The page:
‘Basmati Blues’ And The Other Problematic Films We Can’t Look At The Same Way

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'Basmati Blues' And The Other Problematic Films We Can't Look At The Same Way

by Jazmin Kopotsha |
Published on

People are pretty pissed at Brie Larson. ICYMI, she stars in a new film that’s legitimacy been titled ‘Basmati Blues’ (facepalm number one) in which she plays what many are calling the clichéd role of the ‘white saviour’ (facepalm number two), in a story that seems to casually diminish the Indian culture with a series of uncomfortable stereotypes and misplaced ‘humour’ (yes, another facepalm).

No, we haven’t gone back in time. While the trailer only dropped a few days ago and the full film is due to open in cinemas in India later this month, it was actually shot back in 2013. Yes, this side of cultural ignorance and low-key racism not being okay anymore. People have lots of feelings about it and its trailer of course. Namely that it doesn’t really have a place in what we’d like to assume is a forward-thinking society anymore and is wildly misguided.

‘It’s 2017 and we are still not past the genre of ‘mystical Indian savages get saved by a white person’ films’, one person tweeted, while another described it as ‘typical to portray India as about rice, spicy food, poverty, poor English and cringey music’.

In the trailer for Basmati Blues, we’re introduced to Brie’s character Linda, a scientist who’s been sent over to India to sell genetically modified rice, only to later discover that the product is actually really harmful to the land and the community she’s staying with. So, she decides to turn against her GM rice company and try to save the day. ‘Any questions about rice you just let me know’, Linda tells the local farmers. Sigh.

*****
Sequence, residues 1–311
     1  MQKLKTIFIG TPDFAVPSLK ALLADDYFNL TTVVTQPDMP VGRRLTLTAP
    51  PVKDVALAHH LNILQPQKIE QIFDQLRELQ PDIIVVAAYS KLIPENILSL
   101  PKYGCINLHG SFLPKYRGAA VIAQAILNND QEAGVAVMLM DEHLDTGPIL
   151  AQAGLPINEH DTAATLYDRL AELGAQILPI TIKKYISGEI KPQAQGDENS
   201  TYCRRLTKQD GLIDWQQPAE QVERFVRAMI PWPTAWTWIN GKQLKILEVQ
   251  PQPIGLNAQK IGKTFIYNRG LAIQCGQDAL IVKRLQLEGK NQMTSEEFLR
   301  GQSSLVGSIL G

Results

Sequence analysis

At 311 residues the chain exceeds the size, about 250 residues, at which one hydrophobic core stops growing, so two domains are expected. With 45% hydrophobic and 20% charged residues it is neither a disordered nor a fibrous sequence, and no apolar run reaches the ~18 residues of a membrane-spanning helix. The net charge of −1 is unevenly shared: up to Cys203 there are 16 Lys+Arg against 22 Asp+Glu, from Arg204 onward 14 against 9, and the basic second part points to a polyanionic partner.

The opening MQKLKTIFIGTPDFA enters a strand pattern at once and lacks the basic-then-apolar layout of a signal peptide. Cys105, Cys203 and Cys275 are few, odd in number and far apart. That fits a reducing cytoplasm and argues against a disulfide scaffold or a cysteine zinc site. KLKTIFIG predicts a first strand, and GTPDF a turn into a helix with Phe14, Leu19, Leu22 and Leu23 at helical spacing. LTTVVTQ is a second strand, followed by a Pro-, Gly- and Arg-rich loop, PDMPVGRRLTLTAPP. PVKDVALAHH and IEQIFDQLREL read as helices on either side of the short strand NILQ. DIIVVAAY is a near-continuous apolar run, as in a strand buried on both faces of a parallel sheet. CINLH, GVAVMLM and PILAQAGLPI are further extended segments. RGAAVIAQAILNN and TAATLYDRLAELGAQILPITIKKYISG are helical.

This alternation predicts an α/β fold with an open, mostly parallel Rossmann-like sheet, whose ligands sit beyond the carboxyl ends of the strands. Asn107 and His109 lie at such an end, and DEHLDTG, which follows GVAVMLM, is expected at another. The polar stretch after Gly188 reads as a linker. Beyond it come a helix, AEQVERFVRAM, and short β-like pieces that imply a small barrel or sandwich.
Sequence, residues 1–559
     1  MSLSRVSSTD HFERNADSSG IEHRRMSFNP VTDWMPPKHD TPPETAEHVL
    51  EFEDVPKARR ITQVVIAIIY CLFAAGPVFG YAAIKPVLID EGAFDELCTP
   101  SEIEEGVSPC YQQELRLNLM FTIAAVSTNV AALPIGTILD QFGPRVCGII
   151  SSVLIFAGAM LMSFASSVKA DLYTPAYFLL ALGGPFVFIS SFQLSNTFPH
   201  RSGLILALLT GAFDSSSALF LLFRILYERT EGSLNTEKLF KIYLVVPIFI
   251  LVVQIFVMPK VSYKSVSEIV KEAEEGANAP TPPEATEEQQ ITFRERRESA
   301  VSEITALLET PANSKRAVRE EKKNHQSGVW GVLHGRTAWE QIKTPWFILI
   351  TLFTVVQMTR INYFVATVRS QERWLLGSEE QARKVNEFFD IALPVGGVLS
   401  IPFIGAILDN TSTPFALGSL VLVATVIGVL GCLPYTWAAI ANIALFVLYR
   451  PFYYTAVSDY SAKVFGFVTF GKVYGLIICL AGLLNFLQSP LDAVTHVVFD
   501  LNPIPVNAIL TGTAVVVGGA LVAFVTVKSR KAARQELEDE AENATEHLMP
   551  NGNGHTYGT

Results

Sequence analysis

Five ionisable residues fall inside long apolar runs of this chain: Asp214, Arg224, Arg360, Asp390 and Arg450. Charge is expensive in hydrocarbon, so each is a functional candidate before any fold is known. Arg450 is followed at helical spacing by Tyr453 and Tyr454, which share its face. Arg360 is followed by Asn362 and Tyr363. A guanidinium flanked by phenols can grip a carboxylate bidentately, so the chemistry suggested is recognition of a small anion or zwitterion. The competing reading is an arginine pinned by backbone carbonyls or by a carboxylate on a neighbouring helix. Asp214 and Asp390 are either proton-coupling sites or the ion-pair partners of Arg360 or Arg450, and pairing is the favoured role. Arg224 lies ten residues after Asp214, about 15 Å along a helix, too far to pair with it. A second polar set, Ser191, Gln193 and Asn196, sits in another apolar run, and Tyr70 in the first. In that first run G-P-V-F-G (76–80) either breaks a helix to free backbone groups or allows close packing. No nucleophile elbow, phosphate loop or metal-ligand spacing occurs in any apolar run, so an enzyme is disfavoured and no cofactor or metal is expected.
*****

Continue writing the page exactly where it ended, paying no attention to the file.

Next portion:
It’s somewhat understandable that, as the face of the film, Brie Larson has come under fire by fans and film critics alike, but we can’t afford not to recognise that while the take away from the film’s trailer is both depressing and questionable (to say the least) the film will have gone through and been signed off by a number of people high up in the film world who you’d hope would know better than to play on the racial stereotypes and cultural typecasts that are widely acknowledged as inappropriate and deeply offensive. There isn’t any room for that sort of ignorance anymore.

According to Hollywood Reporter, since the outpouring of anger and disappointment of the trailer, Shout! Factory have said it will be premiering a new trailer ahead of the film’s release in the States and have also made a statement expressive regret for any offence caused by the initial trailer.

‘We deeply regret any offense caused by the Basmati Blues trailer,’ producers Monique Caulfield and Danny Baron said in the statement. ‘We have heard a number of voices that have understandably reacted to a trailer that is not representative of the film as a whole. Unfortunately, the international trailer has given the wrong impression of the film’s message and heart. This movie is not about an American going abroad to solve India’s problems. At its heart, this film is about two people who reach across cultures, fight against corporate greed, and find love.’